Steven Pearlstein: If you don't have proof of insurance at tax time, you will have to pay a penalty -- that's how it will work. And if the premiums are any more than, say, 12 percent of your pretax income, then you will qualify for subsidies in the form of a refundable tax credit. Something like that.
Madison, Wisc.: Thanks for your article and for taking questions. Michael Gerson says in his column today that President Obama's health care initiative is failing, not just because of Republican opposition but because many Democrats and independents are suspicious of the plan's possible effects on health care and the economy.
Is he right? Is the initiative failing? With the passing of Senator Kennedy, my hope is fading.
washingtonpost.com: Why Obamacare is Failing
Steven Pearlstein: The intiative isn't failed, or even failing, but support has slipped as Republicans have attacked it unfairly and as Americans conclude there are things about it they legitimately don't like. But don't lose hope -- something will pass.
Chicago, Ill.: Oh man, what a great column. It's such a joy to read an honest explanation of the logical results of the GOP's current proposals. Logic and reason have been in short supply in this "debate."
But a question -- has the U.S. evolved to a point where it can no longer do something like comprehensive health care reform? There are too many special interests, too much money, and too many bomb throwers pendering to too many conspiracy theorists. I wonder whether this is a futile effort. Thanks.
Steven Pearlstein: The interesting thing is that this isn't a debate poisoned by special interest lobbying, for the most part. It is all partisan, ideological crap, mostly on the right but on the left as well. The special interests are behaving themselves this time -- they like some things, don't like others, but are participating responsibly and don't want to be accused of killing to whole effort. My hat is off to them.
Laurel, Md.: Steven, Please settle a discussion we're having. When and why did employer sponsored health insurance start?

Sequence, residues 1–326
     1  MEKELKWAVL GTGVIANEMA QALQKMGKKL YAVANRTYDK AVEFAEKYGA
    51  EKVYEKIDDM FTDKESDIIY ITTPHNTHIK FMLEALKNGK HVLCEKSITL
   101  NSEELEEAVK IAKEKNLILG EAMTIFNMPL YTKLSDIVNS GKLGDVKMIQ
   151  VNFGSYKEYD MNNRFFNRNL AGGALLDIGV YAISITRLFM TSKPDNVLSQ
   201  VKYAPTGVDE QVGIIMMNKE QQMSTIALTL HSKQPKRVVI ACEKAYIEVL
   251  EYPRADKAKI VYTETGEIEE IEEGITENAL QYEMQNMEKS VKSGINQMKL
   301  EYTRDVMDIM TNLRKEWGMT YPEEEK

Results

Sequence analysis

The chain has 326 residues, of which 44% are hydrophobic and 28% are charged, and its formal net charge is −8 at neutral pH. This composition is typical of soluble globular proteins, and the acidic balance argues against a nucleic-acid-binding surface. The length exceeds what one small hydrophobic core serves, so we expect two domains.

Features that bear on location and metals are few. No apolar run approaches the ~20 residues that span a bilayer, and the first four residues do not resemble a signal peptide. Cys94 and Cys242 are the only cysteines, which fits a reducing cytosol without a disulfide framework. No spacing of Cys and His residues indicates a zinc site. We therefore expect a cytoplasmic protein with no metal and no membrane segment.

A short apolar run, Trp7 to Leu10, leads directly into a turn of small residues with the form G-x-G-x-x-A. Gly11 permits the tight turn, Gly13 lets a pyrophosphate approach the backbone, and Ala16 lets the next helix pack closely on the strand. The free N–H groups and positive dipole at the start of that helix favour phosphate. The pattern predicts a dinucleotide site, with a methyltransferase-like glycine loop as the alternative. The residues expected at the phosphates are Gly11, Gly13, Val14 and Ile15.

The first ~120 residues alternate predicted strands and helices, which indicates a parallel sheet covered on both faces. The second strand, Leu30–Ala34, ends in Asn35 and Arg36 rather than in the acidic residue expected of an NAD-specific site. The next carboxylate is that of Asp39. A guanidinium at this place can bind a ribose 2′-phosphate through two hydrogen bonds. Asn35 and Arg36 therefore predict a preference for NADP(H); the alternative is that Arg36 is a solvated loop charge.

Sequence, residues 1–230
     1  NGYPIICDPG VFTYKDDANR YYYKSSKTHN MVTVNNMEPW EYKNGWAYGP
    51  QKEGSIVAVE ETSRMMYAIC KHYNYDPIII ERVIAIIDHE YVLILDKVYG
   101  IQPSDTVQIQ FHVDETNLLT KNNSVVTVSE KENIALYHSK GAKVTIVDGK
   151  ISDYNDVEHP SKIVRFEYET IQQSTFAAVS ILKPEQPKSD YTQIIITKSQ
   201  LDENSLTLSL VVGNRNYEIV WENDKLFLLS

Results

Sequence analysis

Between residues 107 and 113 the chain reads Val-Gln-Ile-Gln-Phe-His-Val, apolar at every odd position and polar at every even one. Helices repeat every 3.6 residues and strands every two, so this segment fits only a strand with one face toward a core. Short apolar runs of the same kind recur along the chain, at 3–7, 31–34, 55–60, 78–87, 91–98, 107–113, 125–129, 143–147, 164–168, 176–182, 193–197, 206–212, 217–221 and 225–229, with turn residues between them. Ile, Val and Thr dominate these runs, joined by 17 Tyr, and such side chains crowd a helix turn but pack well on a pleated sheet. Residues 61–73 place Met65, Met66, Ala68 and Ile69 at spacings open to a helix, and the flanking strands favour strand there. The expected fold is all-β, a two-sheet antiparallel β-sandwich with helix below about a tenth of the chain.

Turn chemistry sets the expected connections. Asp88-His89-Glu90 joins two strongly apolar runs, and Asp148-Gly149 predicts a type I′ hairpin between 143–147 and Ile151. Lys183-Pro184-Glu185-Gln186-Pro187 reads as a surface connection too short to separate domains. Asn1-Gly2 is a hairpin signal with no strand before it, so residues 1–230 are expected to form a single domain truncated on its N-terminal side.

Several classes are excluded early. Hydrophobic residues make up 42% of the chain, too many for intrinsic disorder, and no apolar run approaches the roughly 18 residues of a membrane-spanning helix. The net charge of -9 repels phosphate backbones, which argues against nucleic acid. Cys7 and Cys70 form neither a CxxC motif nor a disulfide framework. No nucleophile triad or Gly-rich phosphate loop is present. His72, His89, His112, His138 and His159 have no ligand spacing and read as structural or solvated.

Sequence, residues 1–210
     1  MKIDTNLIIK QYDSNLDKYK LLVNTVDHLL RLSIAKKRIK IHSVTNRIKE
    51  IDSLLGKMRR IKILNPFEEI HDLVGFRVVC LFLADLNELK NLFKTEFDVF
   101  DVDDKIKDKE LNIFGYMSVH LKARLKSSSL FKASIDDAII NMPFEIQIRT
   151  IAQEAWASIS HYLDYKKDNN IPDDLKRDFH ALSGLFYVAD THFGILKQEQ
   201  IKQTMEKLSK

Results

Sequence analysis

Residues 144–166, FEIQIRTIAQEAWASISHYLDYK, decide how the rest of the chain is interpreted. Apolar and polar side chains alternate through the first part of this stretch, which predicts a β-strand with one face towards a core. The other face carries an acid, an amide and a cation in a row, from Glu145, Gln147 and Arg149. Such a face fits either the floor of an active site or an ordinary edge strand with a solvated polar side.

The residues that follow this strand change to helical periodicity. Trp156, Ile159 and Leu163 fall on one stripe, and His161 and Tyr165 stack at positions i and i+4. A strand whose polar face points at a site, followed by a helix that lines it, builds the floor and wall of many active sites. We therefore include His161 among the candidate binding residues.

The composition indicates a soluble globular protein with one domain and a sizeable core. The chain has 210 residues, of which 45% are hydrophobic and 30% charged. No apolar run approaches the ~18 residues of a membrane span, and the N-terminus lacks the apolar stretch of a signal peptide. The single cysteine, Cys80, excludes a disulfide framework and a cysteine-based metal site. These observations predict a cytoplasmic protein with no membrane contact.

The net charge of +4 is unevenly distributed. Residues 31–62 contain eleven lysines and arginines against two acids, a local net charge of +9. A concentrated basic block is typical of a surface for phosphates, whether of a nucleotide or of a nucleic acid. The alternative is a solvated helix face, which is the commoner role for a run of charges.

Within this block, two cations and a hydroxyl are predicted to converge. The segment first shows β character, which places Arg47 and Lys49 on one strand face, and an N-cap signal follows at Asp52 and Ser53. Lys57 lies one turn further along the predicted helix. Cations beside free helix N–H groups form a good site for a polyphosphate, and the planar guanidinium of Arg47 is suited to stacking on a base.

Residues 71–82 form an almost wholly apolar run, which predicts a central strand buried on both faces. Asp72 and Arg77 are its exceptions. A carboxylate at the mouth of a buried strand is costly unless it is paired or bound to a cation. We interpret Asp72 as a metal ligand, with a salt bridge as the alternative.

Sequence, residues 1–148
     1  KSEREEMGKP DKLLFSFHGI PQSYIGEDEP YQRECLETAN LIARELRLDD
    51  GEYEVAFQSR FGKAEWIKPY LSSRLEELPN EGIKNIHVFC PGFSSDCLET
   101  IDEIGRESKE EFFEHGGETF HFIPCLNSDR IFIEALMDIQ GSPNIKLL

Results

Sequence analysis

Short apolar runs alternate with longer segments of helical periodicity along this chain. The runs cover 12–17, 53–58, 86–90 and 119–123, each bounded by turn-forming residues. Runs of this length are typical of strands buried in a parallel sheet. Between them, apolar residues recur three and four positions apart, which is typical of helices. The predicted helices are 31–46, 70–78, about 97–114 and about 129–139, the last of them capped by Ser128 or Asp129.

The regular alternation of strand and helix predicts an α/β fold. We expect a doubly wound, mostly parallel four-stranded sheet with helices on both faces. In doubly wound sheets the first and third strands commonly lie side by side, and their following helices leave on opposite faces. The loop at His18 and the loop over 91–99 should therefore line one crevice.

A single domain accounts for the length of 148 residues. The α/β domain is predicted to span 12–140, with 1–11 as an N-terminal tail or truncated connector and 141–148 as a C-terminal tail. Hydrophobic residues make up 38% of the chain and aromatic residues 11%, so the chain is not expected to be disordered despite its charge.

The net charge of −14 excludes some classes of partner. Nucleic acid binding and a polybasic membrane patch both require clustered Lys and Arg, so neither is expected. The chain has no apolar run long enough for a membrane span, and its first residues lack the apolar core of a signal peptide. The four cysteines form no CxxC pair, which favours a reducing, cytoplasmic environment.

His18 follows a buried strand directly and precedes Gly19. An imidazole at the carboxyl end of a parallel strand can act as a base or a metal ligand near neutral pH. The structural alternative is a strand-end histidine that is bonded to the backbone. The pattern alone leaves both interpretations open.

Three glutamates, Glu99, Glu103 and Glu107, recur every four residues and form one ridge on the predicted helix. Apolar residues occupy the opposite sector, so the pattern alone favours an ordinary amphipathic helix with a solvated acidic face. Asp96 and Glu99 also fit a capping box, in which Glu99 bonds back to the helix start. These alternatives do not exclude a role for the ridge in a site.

Steven Pearlstein: Was mostly a solution to a postwar labor market problem faced by big employers and big unions. At the moment I forget the particulars, but it is one of those things that seemed like a good idea at the time and didn't really involve much money. Back then, health insurance was relatively cheap because there wasn't much doctors could do about a lot of things. The big driver in the escalation in medical costs is that the technology is so much better and there are lots of things medicine can do to make people healthier and live longer and life much richer lives. We shouldn't forget that in this debate, even as we point out the other drivers, like unnecessary care and inflated doctors incomes and hospital profits and wasteful administrative expenses.
Seattle, Wash.: "If you like your insurance company; you can keep them." Isn't that the problem; that the debate should be "if you like your doctor you can keep him"?
It seems to me that the Republicans have allowed this debate to degenerate into one of trying to support the distribution system (the insurance industry); instead of dealing with the actual product. Analogous to the debate earlier this decade as to whether we would allow direct download of music; instead of forcing people to use record stores and all music going through the top 5 music distributors. The distributors had reached a point where they consumed most of the profits; yet no longer could justify that based on their limited value added. So despite claims that music innovation would end; and even attempts at suing their customers; the system changed.
Isn't that the issue now with health care? The insurance industry (and overhead in general) have allowed the system to get so expensive as to be unsustainable; and have yet to define a compelling place for themselves to warrant their 40% overhead? And so their minions are trying to force a continued role at the table?